The European Union missed its target to spend 20% of its pre-2020 budget on fighting climate change and overstated its green spending to claim that the goal had been met, the European Court of Auditors has said.

The EU had pledged to spend at least 20% of its 2014-2020 budget on measures to limit climate change, and by its own account hit that goal exactly, spending €216 billion in the period.

The auditors said, however, that the EU had overstated its climate spending by at least €72 billion and the actual figure was likely nearer €144 billion, or 13% of the total budget.

"Not all the reported climate-related spending under the EU budget was actually relevant to climate action," said ECA member Joëlle Elvinger.

Agriculture subsidies made up 80% of the "climate" spending the auditors said was mislabeled. While some schemes had made a solid contribution to fighting climate change, for example by enriching soil carbon storage, others had little climate impact – such as crop diversification – the auditors said.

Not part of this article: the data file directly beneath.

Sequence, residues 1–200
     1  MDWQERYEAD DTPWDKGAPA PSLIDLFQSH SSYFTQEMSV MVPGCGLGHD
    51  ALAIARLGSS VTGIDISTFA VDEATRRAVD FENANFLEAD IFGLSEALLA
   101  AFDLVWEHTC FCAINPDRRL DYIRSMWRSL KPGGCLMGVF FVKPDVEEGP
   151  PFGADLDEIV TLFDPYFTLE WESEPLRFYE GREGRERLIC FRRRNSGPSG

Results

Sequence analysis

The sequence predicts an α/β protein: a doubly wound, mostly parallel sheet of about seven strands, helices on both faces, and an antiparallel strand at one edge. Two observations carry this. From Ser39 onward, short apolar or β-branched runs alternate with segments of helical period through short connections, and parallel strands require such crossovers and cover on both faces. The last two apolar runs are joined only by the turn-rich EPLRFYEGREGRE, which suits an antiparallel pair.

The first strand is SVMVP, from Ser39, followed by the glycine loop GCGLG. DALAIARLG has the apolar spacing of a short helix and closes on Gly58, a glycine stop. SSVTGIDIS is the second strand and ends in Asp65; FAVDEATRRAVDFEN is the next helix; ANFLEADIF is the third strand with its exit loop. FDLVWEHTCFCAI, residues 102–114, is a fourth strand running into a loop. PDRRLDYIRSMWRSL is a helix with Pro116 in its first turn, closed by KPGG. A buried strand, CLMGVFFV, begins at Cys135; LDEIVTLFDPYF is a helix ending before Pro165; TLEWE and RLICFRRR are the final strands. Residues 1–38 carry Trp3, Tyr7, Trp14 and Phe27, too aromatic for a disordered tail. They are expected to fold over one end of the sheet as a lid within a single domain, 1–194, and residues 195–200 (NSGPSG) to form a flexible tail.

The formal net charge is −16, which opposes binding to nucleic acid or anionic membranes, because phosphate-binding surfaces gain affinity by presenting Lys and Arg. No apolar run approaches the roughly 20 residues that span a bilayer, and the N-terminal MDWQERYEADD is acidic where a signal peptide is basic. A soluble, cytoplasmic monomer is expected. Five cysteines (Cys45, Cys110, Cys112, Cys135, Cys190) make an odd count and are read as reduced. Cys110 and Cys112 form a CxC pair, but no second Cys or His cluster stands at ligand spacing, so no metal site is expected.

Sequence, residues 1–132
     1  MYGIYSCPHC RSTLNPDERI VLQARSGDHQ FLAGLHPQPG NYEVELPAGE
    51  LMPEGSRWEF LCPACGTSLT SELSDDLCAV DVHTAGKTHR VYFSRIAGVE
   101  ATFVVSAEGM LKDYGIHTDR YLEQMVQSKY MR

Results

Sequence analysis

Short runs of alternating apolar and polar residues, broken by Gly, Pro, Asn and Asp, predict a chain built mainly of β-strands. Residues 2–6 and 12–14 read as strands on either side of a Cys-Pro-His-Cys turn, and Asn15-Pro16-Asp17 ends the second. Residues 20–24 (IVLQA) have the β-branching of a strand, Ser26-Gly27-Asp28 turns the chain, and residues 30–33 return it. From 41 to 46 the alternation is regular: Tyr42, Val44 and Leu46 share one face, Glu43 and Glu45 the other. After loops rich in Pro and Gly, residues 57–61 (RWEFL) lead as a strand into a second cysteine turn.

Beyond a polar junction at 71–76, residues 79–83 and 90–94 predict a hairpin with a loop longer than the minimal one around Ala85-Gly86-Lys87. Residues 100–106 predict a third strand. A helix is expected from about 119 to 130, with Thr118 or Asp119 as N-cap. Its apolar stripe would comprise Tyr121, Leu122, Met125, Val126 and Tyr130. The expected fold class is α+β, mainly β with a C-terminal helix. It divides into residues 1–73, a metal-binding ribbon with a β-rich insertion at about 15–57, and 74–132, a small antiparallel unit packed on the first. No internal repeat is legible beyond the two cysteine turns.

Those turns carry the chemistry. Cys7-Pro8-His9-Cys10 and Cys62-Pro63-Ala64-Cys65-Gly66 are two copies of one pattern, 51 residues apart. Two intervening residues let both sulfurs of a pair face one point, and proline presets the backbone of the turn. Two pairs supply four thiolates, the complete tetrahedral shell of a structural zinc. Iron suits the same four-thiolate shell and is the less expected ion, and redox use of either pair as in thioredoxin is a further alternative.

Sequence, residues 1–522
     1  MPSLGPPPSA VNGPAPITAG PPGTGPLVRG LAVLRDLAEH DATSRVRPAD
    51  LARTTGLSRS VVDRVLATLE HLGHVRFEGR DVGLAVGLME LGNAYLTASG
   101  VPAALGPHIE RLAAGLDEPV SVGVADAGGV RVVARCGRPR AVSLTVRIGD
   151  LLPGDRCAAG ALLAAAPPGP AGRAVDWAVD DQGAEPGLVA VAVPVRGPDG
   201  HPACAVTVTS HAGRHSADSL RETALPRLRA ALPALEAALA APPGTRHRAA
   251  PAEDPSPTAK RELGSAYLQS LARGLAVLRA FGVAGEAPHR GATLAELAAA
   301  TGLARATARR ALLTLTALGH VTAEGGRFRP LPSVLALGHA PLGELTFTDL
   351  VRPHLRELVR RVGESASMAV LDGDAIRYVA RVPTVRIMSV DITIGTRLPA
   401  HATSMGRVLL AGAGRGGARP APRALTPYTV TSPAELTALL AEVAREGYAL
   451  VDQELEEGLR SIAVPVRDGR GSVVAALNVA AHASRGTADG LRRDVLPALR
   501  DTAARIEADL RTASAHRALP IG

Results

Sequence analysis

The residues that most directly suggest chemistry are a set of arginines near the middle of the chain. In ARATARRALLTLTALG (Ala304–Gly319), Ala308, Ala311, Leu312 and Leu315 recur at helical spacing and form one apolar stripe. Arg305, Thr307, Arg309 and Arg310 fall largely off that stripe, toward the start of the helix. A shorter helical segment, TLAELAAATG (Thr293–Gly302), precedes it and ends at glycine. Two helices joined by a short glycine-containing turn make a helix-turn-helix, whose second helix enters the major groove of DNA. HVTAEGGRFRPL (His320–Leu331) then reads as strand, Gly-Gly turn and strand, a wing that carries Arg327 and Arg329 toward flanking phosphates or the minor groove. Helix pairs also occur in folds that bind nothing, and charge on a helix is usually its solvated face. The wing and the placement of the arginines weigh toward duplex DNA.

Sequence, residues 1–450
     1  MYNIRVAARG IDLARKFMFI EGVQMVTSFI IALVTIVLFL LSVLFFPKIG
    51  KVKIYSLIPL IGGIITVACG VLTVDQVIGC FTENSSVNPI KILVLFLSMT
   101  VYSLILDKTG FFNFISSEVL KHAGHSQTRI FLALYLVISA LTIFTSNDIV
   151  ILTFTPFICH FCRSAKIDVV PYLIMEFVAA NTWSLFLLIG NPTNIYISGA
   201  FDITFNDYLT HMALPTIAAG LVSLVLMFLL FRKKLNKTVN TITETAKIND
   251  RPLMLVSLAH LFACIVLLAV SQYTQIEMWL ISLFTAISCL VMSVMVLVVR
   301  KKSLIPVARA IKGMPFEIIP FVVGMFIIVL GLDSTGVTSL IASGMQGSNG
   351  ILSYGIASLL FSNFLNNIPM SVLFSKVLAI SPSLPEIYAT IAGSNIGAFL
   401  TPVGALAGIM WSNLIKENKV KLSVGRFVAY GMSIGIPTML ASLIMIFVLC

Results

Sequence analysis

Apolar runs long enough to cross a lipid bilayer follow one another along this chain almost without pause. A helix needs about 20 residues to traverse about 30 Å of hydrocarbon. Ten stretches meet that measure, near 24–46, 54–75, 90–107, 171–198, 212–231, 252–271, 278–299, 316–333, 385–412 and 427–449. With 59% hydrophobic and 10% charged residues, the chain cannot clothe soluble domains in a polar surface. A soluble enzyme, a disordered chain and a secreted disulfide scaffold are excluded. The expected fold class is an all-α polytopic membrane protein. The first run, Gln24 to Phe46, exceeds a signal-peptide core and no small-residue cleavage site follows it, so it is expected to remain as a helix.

In its official reply, the Commission stood by its assessment that the 20% target was met but accepted some of the auditors' recommendations, including one to use scientific evidence to assess agriculture spending's climate contribution.


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"The Commission does not share the ECA's view that climate reporting is unreliable," it said.

The EU assigns a score to spending based on its expected contribution to addressing climate change. The auditors said this system is "beset with weaknesses", involves significant approximations, and is unreliable since it does not assess the real impact made by the projects once the money is spent.

The auditors warned that the EU had not fixed loopholes in its system of tracking climate spending, potentially undermining its new target to spend 30% of the EU's 2021-2027 budget and 37% of the bloc's Covid-19 recovery fund on climate action.